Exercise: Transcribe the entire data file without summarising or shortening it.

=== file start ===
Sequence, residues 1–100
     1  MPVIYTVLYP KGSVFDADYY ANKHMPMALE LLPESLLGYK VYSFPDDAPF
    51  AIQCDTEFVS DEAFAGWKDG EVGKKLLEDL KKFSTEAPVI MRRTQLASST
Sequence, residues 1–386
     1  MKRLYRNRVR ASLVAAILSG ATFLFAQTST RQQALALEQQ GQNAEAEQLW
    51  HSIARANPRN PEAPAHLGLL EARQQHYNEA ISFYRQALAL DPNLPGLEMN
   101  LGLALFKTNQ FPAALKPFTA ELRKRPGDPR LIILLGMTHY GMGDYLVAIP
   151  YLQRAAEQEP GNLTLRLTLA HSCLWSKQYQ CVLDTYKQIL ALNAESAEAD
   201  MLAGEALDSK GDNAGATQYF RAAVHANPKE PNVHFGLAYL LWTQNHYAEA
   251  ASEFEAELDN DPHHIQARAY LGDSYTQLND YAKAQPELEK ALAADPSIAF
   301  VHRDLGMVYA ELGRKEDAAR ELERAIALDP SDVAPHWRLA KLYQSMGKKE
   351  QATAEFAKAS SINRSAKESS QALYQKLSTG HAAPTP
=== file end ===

Sequence, residues 1–100
     1  MPVIYTVLYP KGSVFDADYY ANKHMPMALE LLPESLLGYK VYSFPDDAPF
    51  AIQCDTEFVS DEAFAGWKDG EVGKKLLEDL KKFSTEAPVI MRRTQLASST
Sequence, residues 1–386
     1  MKRLYRNRVR ASLVAAILSG ATFLFAQTST RQQALALEQQ GQNAEAEQLW
    51  HSIARANPRN PEAPAHLGLL EARQQHYNEA ISFYRQALAL DPNLPGLEMN
   101  LGLALFKTNQ FPAALKPFTA ELRKRPGDPR LIILLGMTHY GMGDYLVAIP
   151  YLQRAAEQEP GNLTLRLTLA HSCLWSKQYQ CVLDTYKQIL ALNAESAEAD
   201  MLAGEALDSK GDNAGATQYF RAAVHANPKE PNVHFGLAYL LWTQNHYAEA
   251  ASEFEAELDN DPHHIQARAY LGDSYTQLND YAKAQPELEK ALAADPSIAF
   301  VHRDLGMVYA ELGRKEDAAR ELERAIALDP SDVAPHWRLA KLYQSMGKKE
   351  QATAEFAKAS SINRSAKESS QALYQKLSTG HAAPTP